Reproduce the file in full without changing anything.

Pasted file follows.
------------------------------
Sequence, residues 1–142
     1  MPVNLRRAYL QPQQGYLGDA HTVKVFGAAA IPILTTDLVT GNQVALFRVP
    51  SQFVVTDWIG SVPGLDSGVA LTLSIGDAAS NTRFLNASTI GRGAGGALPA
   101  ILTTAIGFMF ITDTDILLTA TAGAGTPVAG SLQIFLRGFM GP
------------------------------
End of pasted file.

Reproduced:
Sequence, residues 1–142
     1  MPVNLRRAYL QPQQGYLGDA HTVKVFGAAA IPILTTDLVT GNQVALFRVP
    51  SQFVVTDWIG SVPGLDSGVA LTLSIGDAAS NTRFLNASTI GRGAGGALPA
   101  ILTTAIGFMF ITDTDILLTA TAGAGTPVAG SLQIFLRGFM GP